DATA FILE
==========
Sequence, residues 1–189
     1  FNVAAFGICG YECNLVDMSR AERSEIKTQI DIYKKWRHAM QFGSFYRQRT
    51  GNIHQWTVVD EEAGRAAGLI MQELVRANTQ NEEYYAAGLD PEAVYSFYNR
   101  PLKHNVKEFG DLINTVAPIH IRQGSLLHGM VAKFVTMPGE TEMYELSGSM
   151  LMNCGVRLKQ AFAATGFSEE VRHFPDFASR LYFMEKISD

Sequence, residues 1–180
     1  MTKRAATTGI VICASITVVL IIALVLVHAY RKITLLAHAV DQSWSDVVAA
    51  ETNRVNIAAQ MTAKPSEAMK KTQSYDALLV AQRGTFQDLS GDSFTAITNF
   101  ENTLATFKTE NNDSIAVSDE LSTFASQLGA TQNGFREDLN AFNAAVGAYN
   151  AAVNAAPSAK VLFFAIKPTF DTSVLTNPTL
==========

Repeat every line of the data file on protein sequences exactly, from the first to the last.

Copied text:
Sequence, residues 1–189
     1  FNVAAFGICG YECNLVDMSR AERSEIKTQI DIYKKWRHAM QFGSFYRQRT
    51  GNIHQWTVVD EEAGRAAGLI MQELVRANTQ NEEYYAAGLD PEAVYSFYNR
   101  PLKHNVKEFG DLINTVAPIH IRQGSLLHGM VAKFVTMPGE TEMYELSGSM
   151  LMNCGVRLKQ AFAATGFSEE VRHFPDFASR LYFMEKISD

Sequence, residues 1–180
     1  MTKRAATTGI VICASITVVL IIALVLVHAY RKITLLAHAV DQSWSDVVAA
    51  ETNRVNIAAQ MTAKPSEAMK KTQSYDALLV AQRGTFQDLS GDSFTAITNF
   101  ENTLATFKTE NNDSIAVSDE LSTFASQLGA TQNGFREDLN AFNAAVGAYN
   151  AAVNAAPSAK VLFFAIKPTF DTSVLTNPTL